This article is part of our The Z Files series.
Everyone playing this game has player expectations. Some are spreadsheet-driven projections, others are more touch and feel. There's no right or wrong, whatever works best for you is the way to go. After all, it's much more about what you do with the expectation than the actual expectation itself.
Still, regardless of the process, it helps to look back at history. Making sure your rankings pass the eye test is the first step before taking them into battle. As such, I've compiled the end-of-season top 350 for the past five seasons. I'll share a series of observations. The elegance of this exercise is you'll likely see an entirely different set of observations, or perhaps interpret what I see differently.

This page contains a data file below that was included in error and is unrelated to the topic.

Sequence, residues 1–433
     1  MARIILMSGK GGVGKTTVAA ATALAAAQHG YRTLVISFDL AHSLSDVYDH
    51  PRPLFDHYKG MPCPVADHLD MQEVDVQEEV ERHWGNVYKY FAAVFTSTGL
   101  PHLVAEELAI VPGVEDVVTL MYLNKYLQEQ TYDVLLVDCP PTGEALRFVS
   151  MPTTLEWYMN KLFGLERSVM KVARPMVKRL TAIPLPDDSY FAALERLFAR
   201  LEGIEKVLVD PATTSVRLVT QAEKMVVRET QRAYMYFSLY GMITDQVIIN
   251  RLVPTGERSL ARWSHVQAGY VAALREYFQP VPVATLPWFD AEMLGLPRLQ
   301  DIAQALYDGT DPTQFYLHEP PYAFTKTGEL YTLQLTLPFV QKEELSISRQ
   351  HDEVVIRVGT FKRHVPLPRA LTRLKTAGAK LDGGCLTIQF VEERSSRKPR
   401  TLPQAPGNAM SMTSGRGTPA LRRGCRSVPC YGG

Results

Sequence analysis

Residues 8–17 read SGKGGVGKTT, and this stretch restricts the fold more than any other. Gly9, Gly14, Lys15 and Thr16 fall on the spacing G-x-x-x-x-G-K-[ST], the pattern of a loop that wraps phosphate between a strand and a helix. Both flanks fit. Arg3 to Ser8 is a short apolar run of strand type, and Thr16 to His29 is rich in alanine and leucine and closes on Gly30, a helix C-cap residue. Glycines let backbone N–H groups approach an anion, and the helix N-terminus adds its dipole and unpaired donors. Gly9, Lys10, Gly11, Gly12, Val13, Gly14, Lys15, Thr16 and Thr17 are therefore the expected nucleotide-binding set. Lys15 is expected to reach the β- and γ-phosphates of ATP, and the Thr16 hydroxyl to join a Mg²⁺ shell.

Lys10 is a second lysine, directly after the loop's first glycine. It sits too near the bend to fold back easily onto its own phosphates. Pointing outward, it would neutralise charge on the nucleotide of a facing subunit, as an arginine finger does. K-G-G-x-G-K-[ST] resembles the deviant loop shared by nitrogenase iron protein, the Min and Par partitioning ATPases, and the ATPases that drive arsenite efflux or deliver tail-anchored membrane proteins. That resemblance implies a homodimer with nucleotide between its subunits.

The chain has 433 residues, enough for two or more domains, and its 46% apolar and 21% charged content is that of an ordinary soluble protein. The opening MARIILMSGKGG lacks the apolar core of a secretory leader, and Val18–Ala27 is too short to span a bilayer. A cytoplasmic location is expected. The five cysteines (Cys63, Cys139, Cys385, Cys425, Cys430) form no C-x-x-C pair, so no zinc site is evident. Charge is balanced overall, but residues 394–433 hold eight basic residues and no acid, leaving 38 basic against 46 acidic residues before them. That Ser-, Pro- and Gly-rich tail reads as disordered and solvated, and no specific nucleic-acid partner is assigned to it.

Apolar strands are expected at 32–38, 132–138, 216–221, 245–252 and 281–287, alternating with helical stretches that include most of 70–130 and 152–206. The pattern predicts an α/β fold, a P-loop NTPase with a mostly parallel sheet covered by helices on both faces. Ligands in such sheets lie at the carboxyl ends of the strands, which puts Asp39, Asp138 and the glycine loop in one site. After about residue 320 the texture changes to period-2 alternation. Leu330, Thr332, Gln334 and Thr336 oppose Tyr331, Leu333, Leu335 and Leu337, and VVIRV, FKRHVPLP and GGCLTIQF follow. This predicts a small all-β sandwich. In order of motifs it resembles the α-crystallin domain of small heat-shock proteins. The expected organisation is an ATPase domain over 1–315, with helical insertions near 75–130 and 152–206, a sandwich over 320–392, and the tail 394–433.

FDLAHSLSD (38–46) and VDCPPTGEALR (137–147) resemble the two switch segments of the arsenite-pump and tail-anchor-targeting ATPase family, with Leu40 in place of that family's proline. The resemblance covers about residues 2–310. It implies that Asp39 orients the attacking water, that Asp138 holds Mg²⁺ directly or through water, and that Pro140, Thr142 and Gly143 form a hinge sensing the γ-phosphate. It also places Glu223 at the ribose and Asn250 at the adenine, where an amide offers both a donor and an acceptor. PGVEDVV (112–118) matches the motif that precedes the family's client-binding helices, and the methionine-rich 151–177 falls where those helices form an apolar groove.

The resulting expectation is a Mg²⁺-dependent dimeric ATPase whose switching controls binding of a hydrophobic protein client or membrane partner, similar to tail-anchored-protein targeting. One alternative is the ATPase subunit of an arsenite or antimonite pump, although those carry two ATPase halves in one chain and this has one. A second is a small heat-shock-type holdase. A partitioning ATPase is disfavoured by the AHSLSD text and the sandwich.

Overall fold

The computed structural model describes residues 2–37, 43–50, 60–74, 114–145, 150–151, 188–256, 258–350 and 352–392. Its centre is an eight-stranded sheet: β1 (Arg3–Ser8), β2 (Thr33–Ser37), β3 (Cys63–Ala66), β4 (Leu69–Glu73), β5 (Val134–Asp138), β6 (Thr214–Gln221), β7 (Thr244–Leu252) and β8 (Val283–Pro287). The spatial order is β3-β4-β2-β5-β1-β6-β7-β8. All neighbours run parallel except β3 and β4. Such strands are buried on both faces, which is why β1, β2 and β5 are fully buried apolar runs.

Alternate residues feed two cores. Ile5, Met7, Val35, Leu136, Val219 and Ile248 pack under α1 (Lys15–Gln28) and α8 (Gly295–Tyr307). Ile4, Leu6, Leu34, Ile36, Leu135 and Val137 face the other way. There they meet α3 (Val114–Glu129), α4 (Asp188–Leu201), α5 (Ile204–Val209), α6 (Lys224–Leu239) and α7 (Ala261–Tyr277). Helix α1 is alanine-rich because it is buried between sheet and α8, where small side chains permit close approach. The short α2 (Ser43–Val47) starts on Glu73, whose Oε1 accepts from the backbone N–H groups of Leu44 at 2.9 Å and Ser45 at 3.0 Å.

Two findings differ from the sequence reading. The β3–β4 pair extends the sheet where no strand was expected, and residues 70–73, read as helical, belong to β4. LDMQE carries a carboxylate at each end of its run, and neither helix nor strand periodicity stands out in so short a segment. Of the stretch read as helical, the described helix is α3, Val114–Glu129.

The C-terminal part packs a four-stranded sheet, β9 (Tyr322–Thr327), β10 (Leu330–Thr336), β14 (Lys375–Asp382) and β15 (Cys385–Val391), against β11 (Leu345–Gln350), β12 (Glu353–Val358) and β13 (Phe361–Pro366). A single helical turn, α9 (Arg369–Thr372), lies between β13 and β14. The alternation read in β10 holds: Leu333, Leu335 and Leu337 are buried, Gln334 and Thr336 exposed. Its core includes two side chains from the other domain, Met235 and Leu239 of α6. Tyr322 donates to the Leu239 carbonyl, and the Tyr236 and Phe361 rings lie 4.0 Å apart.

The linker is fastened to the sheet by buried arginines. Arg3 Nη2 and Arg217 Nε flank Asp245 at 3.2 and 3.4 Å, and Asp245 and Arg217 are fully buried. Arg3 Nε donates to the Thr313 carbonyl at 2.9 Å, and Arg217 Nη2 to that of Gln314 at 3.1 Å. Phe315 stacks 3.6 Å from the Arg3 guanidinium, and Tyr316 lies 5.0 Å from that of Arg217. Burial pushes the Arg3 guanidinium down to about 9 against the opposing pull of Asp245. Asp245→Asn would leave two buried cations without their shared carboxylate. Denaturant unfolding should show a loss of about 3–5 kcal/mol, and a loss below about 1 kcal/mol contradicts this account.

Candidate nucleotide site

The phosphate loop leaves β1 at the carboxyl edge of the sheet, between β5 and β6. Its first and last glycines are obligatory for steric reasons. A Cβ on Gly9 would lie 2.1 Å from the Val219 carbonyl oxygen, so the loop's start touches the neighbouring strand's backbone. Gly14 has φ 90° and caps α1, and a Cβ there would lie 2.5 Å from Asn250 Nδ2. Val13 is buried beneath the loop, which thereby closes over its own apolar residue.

Before presenting the results, it's necessary to review the parameters and intrinsic shortcomings of the procedure. The rankings are based on 15-team mixed leagues, using standard 5x5 rotisserie scoring. Rosters are the typical 14 hitters (2-C, 1-1B, 1-2B, 1-3B, 1-SS, 1-1B/3B, 1-2B/SS, 5-OF, 1-UT) and nine pitchers. The hitting to pitching split used is 69:31, since that's the most common distribution in auction leagues of this size. Please note, the NFBC (National Fantasy Baseball Championship) auctions nestle around 63:37, pushing pitching higher on the list. For those feeling year-end ranks should reflect a 50:50 split, you're correct, but I'm doing it this way since